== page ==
Longitudinal analysis of impulse control disorders in Parkinson disease


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Abstract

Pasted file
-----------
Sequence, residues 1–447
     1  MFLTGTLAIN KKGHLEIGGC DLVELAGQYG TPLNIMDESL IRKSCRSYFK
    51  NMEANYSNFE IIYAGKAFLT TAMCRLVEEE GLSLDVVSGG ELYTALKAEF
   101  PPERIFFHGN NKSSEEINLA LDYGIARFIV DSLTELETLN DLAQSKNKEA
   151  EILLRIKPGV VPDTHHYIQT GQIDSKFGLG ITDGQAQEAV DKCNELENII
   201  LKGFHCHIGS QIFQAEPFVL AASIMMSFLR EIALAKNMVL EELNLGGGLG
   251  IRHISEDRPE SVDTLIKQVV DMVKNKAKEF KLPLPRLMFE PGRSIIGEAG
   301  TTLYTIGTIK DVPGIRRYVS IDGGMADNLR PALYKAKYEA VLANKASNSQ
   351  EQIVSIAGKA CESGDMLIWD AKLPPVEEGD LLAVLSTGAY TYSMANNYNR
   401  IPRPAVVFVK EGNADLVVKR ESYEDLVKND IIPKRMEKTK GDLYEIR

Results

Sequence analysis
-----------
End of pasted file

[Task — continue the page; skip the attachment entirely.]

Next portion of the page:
ObjectiveTo investigate the longitudinal dose-effect relationship between dopamine replacement therapy and impulse control disorders (ICDs) in Parkinson disease (PD).MethodsWe used data from a multicenter longitudinal cohort of consecutive patients with PD with ≤5 years' disease duration at baseline followed up annually up to 5 years. ICDs were evaluated during face-to-face semistructured interviews with movement disorder specialists. Generalized estimating equations and Poisson models with robust variance were used to study the association between several time-dependent definitions of dopamine agonist (DA) use, taking dose and duration of treatment into account, and ICDs at each visit. Other antiparkinsonian drugs were also examined.ResultsAmong 411 patients (40.6% women, mean age 62.3 years, average follow-up 3.3 years, SD 1.7 years), 356 (86.6%) took a DA at least once since disease onset. In 306 patients without ICDs at baseline, the 5-year cumulative incidence of ICDs was 46.1% (95% confidence interval [CI] 37.4–55.7, DA ever users 51.5% [95% CI 41.8–62.1], DA never users 12.4% [95% CI 4.8–30.0]). ICD prevalence increased from 19.7% at baseline to 32.8% after 5 years. ICDs were associated with ever DA use (prevalence ratio 4.23, 95% CI 1.78–10.09). Lifetime average daily dose and duration of treatment were independently associated with ICDs with significant dose-effect relationships. Similar analyses for levodopa were not in favor of a strong association. ICDs progressively resolved after DA discontinuation.ConclusionIn this longitudinal study of patients with PD characterized by a high prevalence of DA treatment, the 5-year cumulative incidence of ICDs was ≈46%. ICDs were strongly associated with DA use with a dose-effect relationship; both increasing duration and dose were associated with ICDs. ICDs progressively resolved after DA discontinuation.ClinicalTrials.gov identifier:NCT01564992.

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